The records that survived legal scrutiny were shipped to the university in 2002 and, according to an article in the Salt Lake Tribune, were "quite systematically organized" when Jensen turned them over.

Jensen said he provided the university "a box-by-box listing of the materials. Sometimes folder-by-folder listings."

Rogers said the library has worked intermittently over the past decade to try and catalogue the 1,100 boxes of documents, but over the years it never rose to become a top priority. "We have an enormous amount to go through. It just wasn't number one on our plate," she said.

In February, when the university held an exhibition to show off the Olympic archives on the 10th anniversary of the Games, the only items that could be displayed were photographs -- a separate archive that had been organized and prepared for display. The event did not involve opening the documents for public perusal.

Walter Jones, the library's assistant head of Special Collections, said he first realized the library had a problem when a Washington Post reporter called asking for specific documents from the Olympic archive. He said he and Rogers went to see what condition the archive was in and were startled to see it largely un-sorted.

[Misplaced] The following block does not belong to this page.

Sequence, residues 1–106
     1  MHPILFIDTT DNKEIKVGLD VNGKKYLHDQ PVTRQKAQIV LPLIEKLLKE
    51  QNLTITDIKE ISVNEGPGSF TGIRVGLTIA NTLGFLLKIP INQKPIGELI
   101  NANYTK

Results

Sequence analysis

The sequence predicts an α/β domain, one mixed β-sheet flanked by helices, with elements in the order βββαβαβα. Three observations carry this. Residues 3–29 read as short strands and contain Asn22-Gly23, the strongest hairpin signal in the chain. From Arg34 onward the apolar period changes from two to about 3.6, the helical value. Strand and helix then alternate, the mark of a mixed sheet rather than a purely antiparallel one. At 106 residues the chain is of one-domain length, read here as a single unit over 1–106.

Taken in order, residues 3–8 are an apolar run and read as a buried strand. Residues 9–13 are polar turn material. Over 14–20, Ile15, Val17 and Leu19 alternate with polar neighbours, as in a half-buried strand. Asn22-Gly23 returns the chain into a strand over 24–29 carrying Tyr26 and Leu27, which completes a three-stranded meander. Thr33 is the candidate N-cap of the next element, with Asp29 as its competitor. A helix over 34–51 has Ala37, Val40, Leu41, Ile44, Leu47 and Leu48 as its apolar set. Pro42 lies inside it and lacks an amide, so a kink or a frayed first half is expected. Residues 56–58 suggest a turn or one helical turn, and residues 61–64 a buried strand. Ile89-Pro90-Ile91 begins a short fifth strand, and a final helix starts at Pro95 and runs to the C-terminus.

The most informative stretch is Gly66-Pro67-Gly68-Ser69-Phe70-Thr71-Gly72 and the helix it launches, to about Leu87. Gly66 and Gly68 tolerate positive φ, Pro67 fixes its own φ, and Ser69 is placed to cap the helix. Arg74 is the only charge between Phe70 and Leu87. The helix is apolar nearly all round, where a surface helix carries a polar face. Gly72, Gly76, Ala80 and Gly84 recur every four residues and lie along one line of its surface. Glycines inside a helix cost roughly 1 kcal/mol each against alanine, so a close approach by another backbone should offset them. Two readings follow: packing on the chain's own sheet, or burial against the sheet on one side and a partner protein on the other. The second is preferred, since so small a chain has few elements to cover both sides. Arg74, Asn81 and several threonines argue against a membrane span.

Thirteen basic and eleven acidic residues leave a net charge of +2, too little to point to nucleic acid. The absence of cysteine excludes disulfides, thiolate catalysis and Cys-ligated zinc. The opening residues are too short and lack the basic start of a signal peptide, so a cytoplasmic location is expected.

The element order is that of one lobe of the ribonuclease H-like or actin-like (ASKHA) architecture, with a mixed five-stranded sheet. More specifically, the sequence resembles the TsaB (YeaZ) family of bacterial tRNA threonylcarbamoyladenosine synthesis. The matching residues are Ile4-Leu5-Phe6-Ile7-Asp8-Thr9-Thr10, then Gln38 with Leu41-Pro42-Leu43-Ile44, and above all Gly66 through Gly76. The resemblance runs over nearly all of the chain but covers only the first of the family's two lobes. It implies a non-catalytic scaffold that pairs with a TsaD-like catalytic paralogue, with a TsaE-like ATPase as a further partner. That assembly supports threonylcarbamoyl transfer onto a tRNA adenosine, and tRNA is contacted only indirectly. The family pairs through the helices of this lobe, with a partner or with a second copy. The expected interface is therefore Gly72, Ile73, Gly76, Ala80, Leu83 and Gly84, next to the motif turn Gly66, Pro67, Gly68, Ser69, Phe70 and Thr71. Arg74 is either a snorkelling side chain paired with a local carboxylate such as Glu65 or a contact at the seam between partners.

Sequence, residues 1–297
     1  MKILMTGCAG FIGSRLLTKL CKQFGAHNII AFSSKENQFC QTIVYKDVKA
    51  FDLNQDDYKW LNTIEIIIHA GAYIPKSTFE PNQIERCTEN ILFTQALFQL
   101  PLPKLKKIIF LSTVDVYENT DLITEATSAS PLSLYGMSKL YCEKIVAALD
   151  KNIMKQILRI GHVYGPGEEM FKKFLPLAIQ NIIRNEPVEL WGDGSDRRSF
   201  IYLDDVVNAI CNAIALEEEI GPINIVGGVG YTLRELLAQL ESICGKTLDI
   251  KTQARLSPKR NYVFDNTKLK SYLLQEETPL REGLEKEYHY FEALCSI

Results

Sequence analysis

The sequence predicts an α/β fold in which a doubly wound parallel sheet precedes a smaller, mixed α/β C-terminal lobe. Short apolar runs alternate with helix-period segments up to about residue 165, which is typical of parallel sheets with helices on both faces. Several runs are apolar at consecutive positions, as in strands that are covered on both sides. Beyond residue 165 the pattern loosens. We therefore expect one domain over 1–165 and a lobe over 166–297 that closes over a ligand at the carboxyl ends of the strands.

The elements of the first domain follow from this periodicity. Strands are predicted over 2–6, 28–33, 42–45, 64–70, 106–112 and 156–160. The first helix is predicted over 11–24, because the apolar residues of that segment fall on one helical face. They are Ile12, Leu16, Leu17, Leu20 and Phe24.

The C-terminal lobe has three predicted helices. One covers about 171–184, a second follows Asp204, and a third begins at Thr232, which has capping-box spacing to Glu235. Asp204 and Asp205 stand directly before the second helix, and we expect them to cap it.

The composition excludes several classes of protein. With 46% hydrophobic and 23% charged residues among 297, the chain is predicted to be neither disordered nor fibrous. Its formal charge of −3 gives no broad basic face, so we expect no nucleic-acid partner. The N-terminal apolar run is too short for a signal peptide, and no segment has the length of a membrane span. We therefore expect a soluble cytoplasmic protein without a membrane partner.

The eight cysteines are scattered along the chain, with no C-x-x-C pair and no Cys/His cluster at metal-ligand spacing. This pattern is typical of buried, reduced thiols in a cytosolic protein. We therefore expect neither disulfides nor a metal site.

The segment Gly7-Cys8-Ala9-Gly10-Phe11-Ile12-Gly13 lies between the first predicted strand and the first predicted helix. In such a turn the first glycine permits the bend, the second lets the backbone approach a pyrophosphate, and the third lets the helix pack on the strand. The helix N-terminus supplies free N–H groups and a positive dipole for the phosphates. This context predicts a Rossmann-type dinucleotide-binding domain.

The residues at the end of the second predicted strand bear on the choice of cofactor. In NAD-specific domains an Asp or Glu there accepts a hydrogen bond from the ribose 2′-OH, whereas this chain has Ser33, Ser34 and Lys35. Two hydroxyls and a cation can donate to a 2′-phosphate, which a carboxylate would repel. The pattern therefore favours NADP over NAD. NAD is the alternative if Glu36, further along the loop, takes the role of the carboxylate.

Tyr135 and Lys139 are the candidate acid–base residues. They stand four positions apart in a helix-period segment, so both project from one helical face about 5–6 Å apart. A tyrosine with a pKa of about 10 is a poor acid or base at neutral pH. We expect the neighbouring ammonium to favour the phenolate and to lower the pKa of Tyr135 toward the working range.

"Basically we could not field his questions," Jones said. "It was embarrassing."

Jones said the library had no intention of trying to block reporters from seeing the Olympic records.

"I think we were just caught unprepared," he said.

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The library now estimates it will have the records open for public review sometime in August. As for how many of the papers will shed light on Romney's stewardship of the Games, that remains unclear. Rogers said she did not expect there would be much. "It's a lot about torch relays, Paralympics, the residences," she said. "I have not seen a whole lot of financial documentation."

Bullock, who has deep ties to Romney through not only the Olympics, but through Bain, and now as a fundraiser for the campaign, said the candidate has every reason to want the record of the Salt Lake Games preserved.

"In another few weeks it will all be totally available," Bullock said. "We've got 1,100 boxes that people can sort through. That's a lot to keep."

Lynn Packer is a freelance journalist based in North Salt Lake, Utah.